This is an archived article that was published on sltrib.com in 2012, and information in the article may be outdated. It is provided only for personal research purposes and may not be reprinted.
Over the years, Frank Layden handled every job imaginable for the Utah Jazz.
Coach. General manager. President. TV analyst. Cheerleader. Goodwill ambassador. Stand-up comedian.
You name it, Layden did it.
On a list of those responsible of preventing a move by the franchise during the financial stuggle of the 1980s, the top names would be Larry Miller, Jerry Sloan, John Stockton, Karl Malone and Layden.
Now 80, Layden still loves the Jazz, although considerable bloom came off that rose this week with the announcement that his son had taken a job as assistant general manager in San Antonio.
Since 2005, Scott Layden was an assistant coach with the Jazz. But his strength has always been as an evaluator of players. Logically, many expected he would eventually replace Jazz general manager Kevin O'Connor.
Of course, Scott Layden never said anything that could be remotely construed as campaigning for the job. He worked diligently as a bench coach and deflected all questions about player personnel or his future.
"I was lucky to work with Scott for as long as I did," says former coach Jerry Sloan. "He's a terrific guy a very loyal guy, a tremendously hard-working guy."
In August, O'Connor announced he was handing over his day-to-day GM duties but remaining as vice president of basketball operations.
I assumed Layden might slide into that role, given the success of the teams he pieced together around Stockton and Malone and his knowledge of what it takes to win in small-market Utah.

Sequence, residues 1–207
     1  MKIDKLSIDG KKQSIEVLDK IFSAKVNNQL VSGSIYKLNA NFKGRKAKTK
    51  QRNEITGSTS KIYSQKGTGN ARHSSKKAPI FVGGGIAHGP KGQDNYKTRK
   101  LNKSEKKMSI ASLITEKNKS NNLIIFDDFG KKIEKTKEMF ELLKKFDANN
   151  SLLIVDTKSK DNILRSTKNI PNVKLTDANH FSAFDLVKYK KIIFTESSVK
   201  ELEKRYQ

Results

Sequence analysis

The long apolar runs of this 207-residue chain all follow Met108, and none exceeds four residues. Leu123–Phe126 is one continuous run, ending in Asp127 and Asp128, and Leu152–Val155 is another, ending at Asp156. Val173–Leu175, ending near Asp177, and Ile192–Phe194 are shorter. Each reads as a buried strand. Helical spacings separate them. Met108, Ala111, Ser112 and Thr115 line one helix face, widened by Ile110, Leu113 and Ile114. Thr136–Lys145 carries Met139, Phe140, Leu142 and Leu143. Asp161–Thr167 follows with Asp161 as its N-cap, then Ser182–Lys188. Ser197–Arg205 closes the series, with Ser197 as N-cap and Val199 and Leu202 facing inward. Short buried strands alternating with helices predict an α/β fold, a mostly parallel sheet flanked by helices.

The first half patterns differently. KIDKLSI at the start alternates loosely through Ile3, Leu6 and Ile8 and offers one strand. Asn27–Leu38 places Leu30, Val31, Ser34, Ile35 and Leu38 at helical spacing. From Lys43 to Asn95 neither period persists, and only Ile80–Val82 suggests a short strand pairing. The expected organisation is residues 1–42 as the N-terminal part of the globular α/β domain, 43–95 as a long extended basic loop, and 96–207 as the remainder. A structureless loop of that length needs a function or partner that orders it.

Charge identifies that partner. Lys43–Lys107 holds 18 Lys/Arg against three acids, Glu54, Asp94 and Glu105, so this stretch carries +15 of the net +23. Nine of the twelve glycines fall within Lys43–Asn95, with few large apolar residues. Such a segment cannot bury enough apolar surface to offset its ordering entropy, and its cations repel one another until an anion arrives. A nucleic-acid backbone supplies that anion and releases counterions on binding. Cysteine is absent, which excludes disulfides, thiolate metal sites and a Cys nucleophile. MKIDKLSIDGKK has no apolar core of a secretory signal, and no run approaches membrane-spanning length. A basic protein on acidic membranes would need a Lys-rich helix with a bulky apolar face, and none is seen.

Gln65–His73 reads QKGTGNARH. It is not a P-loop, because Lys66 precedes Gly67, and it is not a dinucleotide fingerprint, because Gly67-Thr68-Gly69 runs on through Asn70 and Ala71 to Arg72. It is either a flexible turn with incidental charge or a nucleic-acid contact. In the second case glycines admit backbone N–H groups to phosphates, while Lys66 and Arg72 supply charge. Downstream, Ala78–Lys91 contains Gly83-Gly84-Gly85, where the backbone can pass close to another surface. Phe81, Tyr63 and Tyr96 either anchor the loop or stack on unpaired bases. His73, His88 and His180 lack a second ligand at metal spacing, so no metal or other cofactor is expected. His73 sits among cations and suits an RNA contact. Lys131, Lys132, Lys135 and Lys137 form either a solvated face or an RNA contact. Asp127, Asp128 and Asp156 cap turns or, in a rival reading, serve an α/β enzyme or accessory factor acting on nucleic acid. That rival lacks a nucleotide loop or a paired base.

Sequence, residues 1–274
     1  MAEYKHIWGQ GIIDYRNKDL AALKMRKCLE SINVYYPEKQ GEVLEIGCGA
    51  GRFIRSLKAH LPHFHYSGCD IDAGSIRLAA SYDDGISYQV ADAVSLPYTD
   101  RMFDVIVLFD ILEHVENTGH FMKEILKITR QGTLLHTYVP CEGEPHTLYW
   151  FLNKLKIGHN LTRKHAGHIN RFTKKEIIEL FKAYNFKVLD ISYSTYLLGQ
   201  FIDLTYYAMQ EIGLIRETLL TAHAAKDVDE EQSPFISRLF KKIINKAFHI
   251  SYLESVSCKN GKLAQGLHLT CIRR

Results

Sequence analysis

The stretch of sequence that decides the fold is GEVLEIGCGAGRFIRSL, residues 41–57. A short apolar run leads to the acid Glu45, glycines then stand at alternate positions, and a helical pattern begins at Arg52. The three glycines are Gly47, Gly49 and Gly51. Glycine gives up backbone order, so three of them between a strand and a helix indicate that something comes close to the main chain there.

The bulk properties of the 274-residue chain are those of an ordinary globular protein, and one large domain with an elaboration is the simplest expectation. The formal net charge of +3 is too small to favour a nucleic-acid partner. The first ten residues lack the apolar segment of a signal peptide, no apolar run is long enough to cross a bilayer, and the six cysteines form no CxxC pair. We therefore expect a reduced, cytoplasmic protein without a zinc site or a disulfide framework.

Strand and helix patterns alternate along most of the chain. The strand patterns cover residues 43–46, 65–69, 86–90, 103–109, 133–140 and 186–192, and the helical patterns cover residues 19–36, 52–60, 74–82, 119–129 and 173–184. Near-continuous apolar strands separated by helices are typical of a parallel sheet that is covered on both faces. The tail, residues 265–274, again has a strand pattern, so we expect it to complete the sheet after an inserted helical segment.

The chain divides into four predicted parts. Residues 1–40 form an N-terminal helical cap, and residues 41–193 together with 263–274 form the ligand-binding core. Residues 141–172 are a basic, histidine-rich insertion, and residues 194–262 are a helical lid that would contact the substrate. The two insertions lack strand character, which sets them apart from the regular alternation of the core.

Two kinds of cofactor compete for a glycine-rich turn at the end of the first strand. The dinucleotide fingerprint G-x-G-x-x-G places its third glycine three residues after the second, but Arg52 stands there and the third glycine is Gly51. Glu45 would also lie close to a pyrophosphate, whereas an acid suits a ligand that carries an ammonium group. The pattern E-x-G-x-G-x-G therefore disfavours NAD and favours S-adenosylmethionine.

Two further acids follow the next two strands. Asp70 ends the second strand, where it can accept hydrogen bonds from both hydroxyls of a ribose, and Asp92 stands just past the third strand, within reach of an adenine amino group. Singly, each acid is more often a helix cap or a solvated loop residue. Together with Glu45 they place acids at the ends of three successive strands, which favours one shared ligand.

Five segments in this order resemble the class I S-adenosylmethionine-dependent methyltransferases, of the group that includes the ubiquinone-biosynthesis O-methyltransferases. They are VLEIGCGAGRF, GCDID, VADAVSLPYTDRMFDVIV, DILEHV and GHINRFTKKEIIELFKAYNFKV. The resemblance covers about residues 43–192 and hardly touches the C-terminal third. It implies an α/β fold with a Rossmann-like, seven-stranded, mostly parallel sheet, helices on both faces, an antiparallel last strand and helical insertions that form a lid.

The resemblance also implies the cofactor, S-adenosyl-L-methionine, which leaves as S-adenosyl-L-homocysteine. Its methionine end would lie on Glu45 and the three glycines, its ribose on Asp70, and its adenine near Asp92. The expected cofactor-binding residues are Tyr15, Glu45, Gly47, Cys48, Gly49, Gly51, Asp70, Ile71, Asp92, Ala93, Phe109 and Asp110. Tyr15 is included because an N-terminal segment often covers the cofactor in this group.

Layden didn't get the job. Spurs assistant GM Dennis Lindsey did. And that's fine. A hot commodity in recent years, Lindsey is undeniably qualified.
The strange part of the process, however, is that Scott Layden didn't know the job opening existed until it had already been filled. And for someone who served the team so well, Scott Layden deserved a phone call.
Frank Layden is biased, of course. But his nearly lifelong contribution to the Jazz allows him latitude when discussing the episode.
"This is tantamount to losing a great player," he said. "I mean, how do you let him go? He was an incredible resource. You make room for a guy like that. It just doesn't make sense to me. It's a total loss."
For his service, the Jazz retired a jersey in Frank Layden's honor.
Now, he has a suggestion.
"Truth be told, it's really Scott's name that should be up there," he said. "Really. Instead of letting him go, they should put his name up there."
Frank Layden sighed.
"I'm sure there was a behind-the-scenes reason for what the Jazz did," he said. "Fortunately, Scott was able to leave. You don't want to be where you aren't wanted, and he got a good job with a good organization. He's on his feet, and we're very proud of him."